- Human health risk assessment of air emissions from development of unconventionalnatural gas resources Lisa M. McKenzie,, Roxana Z. Witter, Lee S. Newman, John L. Adgate (March 2012)
Risk assessment can be used in HIAs to direct health risk prevention strategies. Risk management approaches should focus on reducing exposures to emissions during well completions. These preliminary results indicate that health effects resulting from air emissions during unconventional NGD warrant further study. Prospective studies should focus on health effects associated with air pollution
- Source signature of volatile organic compounds (VOCs) from oil and natural gas operations in northeastern Colorado. Jessica B. Gilman, Brian M. Lerner, William C. Kuster, and Joost de Gouw (January 2013)
Measurements of propane, benzene, and ethyne in northeastern Colorado are compared to other U.S. cities in order to highlight the influence of various emissionsources on the observed mixing ratios of these compounds
- Air Pollution and Natural Gas Operations. Colborn T, Schultz K, Herrick L, and Kwiatkowski C. (November 2012)
A study in the journal Human and Ecological Risk Assessment showed more than 50 NMHCs were found near gas wells in rural Colorado, including 35 that affect the brain and nervous system. Some were detected at levels high enough to potentially harm children who are exposed to them before birth.
- Methane and the greenhouse-gas footprint of natural gas from shale formations. Robert W. Howarth, Renee Santoro, and Anthony Ingraffea. Cornell University, Ithaca [pdf] (April 2011)
Study One of the few peer-reviewed studies in this area. “We did what is called a ‘life cycle analysis,’ that is, you take not just the burning of the fuel –– whether it’s coal, oil or natural gas –– but you take into account the production of greenhouse gases from the start of the investigation to produce coal or oil or natural gas all the way up to the end use,” Ingraffea said. Using this more comprehensive analysis, Ingraffea determined that “the greenhouse gas footprint of natural gas … is larger than the greenhouse gas footprint of coal and of oil.”
- Point of no return. The massive climate threats we must avoid. Ria Voorhar & Lauri Myllyvirta, Greenpeace [pdf] (January 2013)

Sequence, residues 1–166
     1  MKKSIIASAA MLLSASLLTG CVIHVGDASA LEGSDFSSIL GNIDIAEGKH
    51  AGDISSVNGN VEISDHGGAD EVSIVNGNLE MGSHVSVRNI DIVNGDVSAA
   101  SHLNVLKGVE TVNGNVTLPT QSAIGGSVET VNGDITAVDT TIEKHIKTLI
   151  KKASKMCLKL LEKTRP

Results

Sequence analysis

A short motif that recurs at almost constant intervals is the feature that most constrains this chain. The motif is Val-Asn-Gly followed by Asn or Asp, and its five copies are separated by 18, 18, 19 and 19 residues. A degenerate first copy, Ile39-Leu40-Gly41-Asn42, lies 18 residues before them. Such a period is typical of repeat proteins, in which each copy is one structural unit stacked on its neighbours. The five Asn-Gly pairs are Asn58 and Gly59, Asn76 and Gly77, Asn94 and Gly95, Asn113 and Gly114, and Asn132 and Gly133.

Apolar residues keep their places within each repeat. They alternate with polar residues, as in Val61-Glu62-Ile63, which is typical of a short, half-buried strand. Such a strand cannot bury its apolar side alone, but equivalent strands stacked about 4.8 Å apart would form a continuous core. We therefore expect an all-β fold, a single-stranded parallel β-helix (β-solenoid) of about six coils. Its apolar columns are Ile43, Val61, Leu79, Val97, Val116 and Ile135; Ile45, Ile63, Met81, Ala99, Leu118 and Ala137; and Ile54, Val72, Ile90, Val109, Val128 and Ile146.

This report from Greenpeace warns that “the world is quickly reaching a Point of No Return for preventing the worst impacts of climate change. The fossil fuel industry is planning 14 massive coal, oil and gas projects that would produce as much new carbon dioxide (CO2) emissions in 2020 as the entire US. Continuing on the current course will make it difficult, if not impossible, to prevent the widespread and catastrophic impacts of climate change”.
The report also points out that the increase in the average global temperature can be kept below 2°C if actions are taken now to reduce emissions.
- 2° be or not 2° be. Climate Action Tracker Update. Ecofys, Climate Analytics, Potsdam Institute for Climate Impact Research (PIK) [pdf] (November 2012)
Limiting global warming below 2°C – or even to below 1.5°C remains technically and economically feasible, but only with political ambition backed by rapid action starting now. If nothing more is done except the current pledges, costs would be much higher to reach deeper reductions necessary later, and/or the damage from climate impacts would be far greater. Society also would lose the ability to choose whether it wants technologies like carbon capture and storage and nuclear energy, because those, along with bio-energy, would likely have to be deployed on a larger scale.
This update provides an analysis of policies in place to meet pledges for China, the USA, EU, Russia, India, Brazil, Indonesia, Japan, Mexico, Canada, South Korea, Australia and South Africa. We assessed the results from this analysis in the context of the ambition level of the pledges made by these countries.
- Venting and leaking of methane from Shale Gas Development (February 2012)
Response to Cathles et al (above report). “In April 2011, we published the first comprehensive analysis of greenhouse gas (GHG) emissions from shale gas obtained by hydraulic fracturing, with a focus on methane emissions. Our analysis was challenged by Cathles et al. (2012). Here, we respond to those criticisms. We stand by our approach and findings. The latest EPA estimate for methane emissions from shale gas falls within the range of our estimates but not those of Cathles et al. which are substantially lower.” (Howarth et al)
- Cathles response to Howarth second paper (February 2012)
Cathles does not accept figures used by Howarth et al and reiterates his conclusion that “substituting natural gas for coal will have a substantial greenhouse benefit under almost any set of reasonable assumptions”.
- Cathles commentary on Howarth paper (January 2012)
Cathles’ study cited a 2011 Environmental Protection Agency inventory report that he said indicated a much lower rate of leakage for wells. Cathles attributed this distinction to the fact that newer wells were being constructed with a process he called “green completion,” which would allow them to operate without venting or flaring methane. He cited an analysis of 1,578 shale gas wells by URS Engineering that found only 6.5 percent of wells were not constructed with this environmentally-friendly mechanism.